If you are able to keep your costs at 0.75% instead, you will lose only $14,482 and earned $61,640.

The cost compound more drastically over time.

Why portfolio churning is a problem in Investing

To illustrate that we are really bad in making investment decisions, Dalbar did a study on what the average investor achieve in terms of their unit trust sales, redemption and exchanges in USA.

You will observe that during this 20 year period, almost every asset class did well, but one of the worse performer is us, the average investor.

We are just so bad at managing money that we only take in a fraction of the returns.

It would be better if we meddle less.

My opinion of LRIS

My original concern was that this will stop me from making active contribution to the stocks that I currently held. Turns out that this will be a separate scheme targeting the people who fit the original criteria.

While I like everything about it, the pick up of this will be slow to non-existent.

This is because Singaporeans like capital protection, and when they learn that they are likely to lose money from this, they would be turned off.

That projected higher compounding return will pale against the great capital guarantee return of 4% on the CPF SA.

Despite what they say about wanting higher returns, they want higher returns but also capital guarantee.

In other words, they want a free lunch.

The CPF is already complicated enough and introducing one more side scheme, is not going to help.

People do not believe that they are poor investors, and they believe they can generate better returns through stocks then the puny pathetic returns of funds.

Perhaps we need a 10 year gestation period, where these few selected funds show good compounding returns to convinced people of their benefits.

We also need the CPF to not provide that guarantee 2.5% and 4% in CPF OA and SA, to force people to look for alternative.



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Thursday 4th of August 2016

from the calcs, the breakeven for the plans are between 10-15years. the other way to look at it: if you think you will live long, get the escalating. if not, take out as much as possible, in the early years...

then again, who know how long one can live right?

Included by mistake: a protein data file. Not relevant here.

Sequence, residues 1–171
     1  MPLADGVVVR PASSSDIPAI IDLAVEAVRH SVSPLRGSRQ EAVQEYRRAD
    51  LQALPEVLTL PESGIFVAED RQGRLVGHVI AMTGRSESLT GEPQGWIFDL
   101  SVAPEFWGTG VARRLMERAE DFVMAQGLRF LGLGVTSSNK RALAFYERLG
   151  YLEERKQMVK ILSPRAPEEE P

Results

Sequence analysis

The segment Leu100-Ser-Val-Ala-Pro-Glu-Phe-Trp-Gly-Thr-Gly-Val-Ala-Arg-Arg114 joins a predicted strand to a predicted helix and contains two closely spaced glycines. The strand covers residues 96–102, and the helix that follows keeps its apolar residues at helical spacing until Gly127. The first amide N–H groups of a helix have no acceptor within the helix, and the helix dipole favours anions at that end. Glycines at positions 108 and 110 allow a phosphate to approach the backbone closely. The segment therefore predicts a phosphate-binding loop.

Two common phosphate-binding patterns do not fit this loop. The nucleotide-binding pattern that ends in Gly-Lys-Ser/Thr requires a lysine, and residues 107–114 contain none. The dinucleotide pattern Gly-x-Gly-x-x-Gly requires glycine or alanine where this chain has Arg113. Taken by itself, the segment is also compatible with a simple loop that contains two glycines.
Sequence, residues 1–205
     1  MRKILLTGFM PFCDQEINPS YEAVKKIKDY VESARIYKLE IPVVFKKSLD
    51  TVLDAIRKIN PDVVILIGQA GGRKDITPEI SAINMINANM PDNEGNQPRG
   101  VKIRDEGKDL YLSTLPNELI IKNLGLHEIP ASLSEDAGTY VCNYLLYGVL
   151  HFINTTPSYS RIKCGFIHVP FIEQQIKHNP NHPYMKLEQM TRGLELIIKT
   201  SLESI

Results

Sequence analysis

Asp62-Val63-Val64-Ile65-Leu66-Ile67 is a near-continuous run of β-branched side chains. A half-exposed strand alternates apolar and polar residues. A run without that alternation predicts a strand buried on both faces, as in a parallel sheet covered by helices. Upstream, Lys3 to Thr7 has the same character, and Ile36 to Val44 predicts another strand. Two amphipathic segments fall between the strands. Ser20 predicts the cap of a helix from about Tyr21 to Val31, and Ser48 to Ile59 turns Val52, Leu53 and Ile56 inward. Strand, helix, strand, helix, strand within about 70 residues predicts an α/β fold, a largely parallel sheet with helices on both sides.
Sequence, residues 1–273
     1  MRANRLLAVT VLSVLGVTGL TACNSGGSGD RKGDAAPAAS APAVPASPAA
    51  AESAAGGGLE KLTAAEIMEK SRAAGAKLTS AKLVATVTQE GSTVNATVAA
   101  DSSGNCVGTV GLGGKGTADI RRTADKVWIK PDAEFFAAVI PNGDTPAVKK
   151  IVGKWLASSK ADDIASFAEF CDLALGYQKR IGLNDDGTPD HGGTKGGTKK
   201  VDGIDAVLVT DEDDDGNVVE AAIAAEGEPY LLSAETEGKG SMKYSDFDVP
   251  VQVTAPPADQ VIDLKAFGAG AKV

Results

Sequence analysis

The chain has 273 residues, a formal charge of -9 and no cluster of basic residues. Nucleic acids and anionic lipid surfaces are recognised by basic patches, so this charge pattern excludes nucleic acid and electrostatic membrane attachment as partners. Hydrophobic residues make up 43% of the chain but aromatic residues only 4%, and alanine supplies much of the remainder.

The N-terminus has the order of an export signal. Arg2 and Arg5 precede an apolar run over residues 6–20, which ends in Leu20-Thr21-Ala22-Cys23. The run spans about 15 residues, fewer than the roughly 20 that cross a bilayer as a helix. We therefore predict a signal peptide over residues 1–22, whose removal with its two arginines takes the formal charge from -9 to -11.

"only two things in life is certain; death and taxes..."


Sunday 7th of August 2016

you are the best person to game the system, because you might know the genetics of your clan better. if you think you are not going to live long a larger bequest might be the way to go.

Calvin Chong

Thursday 4th of August 2016

seriously, I will prefer the inversely payout structure., where u can get the most out of it while u still can walk and smell the rose. What is the point of giving more money in my twilight years where I don't eat as much and wonder still able to walk 10m without a walking stick.

Children, they can fence for themselves Just like u and me and our parents .


Thursday 4th of August 2016

Hi Calvin, note that they are not giving you more money in the twilight years. the value is the same as at the start due to inflation. they are taking that what you consume is the same. however, you are right to a certain extend that, based on research, it seems our expenses fall in retirement rather than what we think, which is increasing.


Thursday 4th of August 2016

good read as usual, much educational to me since i have very little idea of all the new CPF schemes.


Thursday 4th of August 2016

Hi Bruce, thanks, i used to be rather passive on this subject. Until i decide to take more responsibility on it.


Thursday 4th of August 2016

Hey Kyith, great post as usual!

I am also interested in the escalating payout, so I did a quick calculation with Excel. My assumptions: CPF Life Standard, with FRS of 161k. Flat monthly payout of $1200 Escalating, with FRS of 161k. Initial payout of 0.8 * 1200 = $960

If we look at the cumulated payout, the break even point is at age 86-87. At age 86: Cumulated payout for standard = 316,800 Cumulated payout for escalating = 314,484

At age 87: Cumulated payout for standard = 331,200 Cumulated payout for escalating = 332,293

I am assuming a flat increment of 2% per year. So, for escalating to be worth it, you need to live to at least 87. I think median life span is around 85 years, so chances are it is not worth it for the average person. But I think it is a good hedge against longevity, especially if you have other sources of income.

I would share my Excel, but I can't seem to attach anything.


Thursday 4th of August 2016

hi Goh, the focus here is the value of a stream of cash flow that is predictable, takes care of a large part of the survival expense and less on how much you earn. in the grand scheme of things, the 3 plans are pretty close that, if you choose any it seldom kills your wealth (especially a knowledgable guy like you)


Thursday 4th of August 2016

The breakeven is closer to 90. The example given by the CPF Advisory Panel shows that Escalating is 22.2% lower than Standard at the beginning, not 20%. Factor that into your calculations, and it'll show the breakeven at around 90.